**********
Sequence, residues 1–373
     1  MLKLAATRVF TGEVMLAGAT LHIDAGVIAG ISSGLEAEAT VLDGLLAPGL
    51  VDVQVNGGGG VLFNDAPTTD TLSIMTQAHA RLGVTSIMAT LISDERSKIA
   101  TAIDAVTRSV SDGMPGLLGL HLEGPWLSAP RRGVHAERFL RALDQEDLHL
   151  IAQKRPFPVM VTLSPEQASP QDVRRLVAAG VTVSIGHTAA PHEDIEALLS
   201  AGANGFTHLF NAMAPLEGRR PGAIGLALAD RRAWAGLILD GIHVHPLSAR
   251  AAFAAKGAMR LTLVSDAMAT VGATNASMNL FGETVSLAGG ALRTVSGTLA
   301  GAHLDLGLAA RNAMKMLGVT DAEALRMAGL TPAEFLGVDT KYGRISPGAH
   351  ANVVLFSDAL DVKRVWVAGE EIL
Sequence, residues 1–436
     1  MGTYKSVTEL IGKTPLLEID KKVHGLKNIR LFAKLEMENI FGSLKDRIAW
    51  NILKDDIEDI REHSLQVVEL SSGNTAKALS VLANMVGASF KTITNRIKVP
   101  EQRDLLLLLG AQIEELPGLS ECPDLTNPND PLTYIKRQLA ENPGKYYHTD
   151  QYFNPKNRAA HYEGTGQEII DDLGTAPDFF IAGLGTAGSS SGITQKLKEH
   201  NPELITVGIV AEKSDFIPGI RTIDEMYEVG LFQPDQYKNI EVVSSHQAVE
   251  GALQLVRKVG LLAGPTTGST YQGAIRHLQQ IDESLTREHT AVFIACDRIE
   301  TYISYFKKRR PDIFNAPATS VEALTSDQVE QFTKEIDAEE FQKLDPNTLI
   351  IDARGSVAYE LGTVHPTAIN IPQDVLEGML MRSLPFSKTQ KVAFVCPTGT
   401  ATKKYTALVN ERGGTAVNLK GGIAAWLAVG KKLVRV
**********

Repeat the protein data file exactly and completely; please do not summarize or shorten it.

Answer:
Sequence, residues 1–373
     1  MLKLAATRVF TGEVMLAGAT LHIDAGVIAG ISSGLEAEAT VLDGLLAPGL
    51  VDVQVNGGGG VLFNDAPTTD TLSIMTQAHA RLGVTSIMAT LISDERSKIA
   101  TAIDAVTRSV SDGMPGLLGL HLEGPWLSAP RRGVHAERFL RALDQEDLHL
   151  IAQKRPFPVM VTLSPEQASP QDVRRLVAAG VTVSIGHTAA PHEDIEALLS
   201  AGANGFTHLF NAMAPLEGRR PGAIGLALAD RRAWAGLILD GIHVHPLSAR
   251  AAFAAKGAMR LTLVSDAMAT VGATNASMNL FGETVSLAGG ALRTVSGTLA
   301  GAHLDLGLAA RNAMKMLGVT DAEALRMAGL TPAEFLGVDT KYGRISPGAH
   351  ANVVLFSDAL DVKRVWVAGE EIL
Sequence, residues 1–436
     1  MGTYKSVTEL IGKTPLLEID KKVHGLKNIR LFAKLEMENI FGSLKDRIAW
    51  NILKDDIEDI REHSLQVVEL SSGNTAKALS VLANMVGASF KTITNRIKVP
   101  EQRDLLLLLG AQIEELPGLS ECPDLTNPND PLTYIKRQLA ENPGKYYHTD
   151  QYFNPKNRAA HYEGTGQEII DDLGTAPDFF IAGLGTAGSS SGITQKLKEH
   201  NPELITVGIV AEKSDFIPGI RTIDEMYEVG LFQPDQYKNI EVVSSHQAVE
   251  GALQLVRKVG LLAGPTTGST YQGAIRHLQQ IDESLTREHT AVFIACDRIE
   301  TYISYFKKRR PDIFNAPATS VEALTSDQVE QFTKEIDAEE FQKLDPNTLI
   351  IDARGSVAYE LGTVHPTAIN IPQDVLEGML MRSLPFSKTQ KVAFVCPTGT
   401  ATKKYTALVN ERGGTAVNLK GGIAAWLAVG KKLVRV